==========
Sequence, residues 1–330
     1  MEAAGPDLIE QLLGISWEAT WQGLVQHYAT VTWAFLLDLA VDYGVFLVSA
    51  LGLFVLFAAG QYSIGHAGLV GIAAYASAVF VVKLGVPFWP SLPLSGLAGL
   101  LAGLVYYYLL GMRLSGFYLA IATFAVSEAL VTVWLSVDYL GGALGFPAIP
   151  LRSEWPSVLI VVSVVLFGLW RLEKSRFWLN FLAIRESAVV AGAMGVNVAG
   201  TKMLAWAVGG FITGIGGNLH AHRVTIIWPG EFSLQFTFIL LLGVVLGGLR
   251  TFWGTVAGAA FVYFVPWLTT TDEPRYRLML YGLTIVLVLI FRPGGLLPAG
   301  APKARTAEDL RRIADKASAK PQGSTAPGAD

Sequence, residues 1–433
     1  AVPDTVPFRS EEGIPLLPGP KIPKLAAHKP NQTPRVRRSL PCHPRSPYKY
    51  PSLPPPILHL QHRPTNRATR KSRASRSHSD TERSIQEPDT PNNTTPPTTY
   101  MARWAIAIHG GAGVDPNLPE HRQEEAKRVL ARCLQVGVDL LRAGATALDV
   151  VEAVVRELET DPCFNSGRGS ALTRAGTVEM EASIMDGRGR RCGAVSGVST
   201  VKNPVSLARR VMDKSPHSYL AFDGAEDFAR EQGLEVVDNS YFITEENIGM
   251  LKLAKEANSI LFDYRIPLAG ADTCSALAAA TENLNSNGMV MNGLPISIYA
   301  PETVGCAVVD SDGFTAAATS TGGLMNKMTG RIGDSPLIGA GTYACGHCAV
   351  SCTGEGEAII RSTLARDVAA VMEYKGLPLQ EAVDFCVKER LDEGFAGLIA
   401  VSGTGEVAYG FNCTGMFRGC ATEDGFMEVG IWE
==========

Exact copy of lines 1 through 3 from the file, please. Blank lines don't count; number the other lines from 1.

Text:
Sequence, residues 1–330
     1  MEAAGPDLIE QLLGISWEAT WQGLVQHYAT VTWAFLLDLA VDYGVFLVSA
    51  LGLFVLFAAG QYSIGHAGLV GIAAYASAVF VVKLGVPFWP SLPLSGLAGL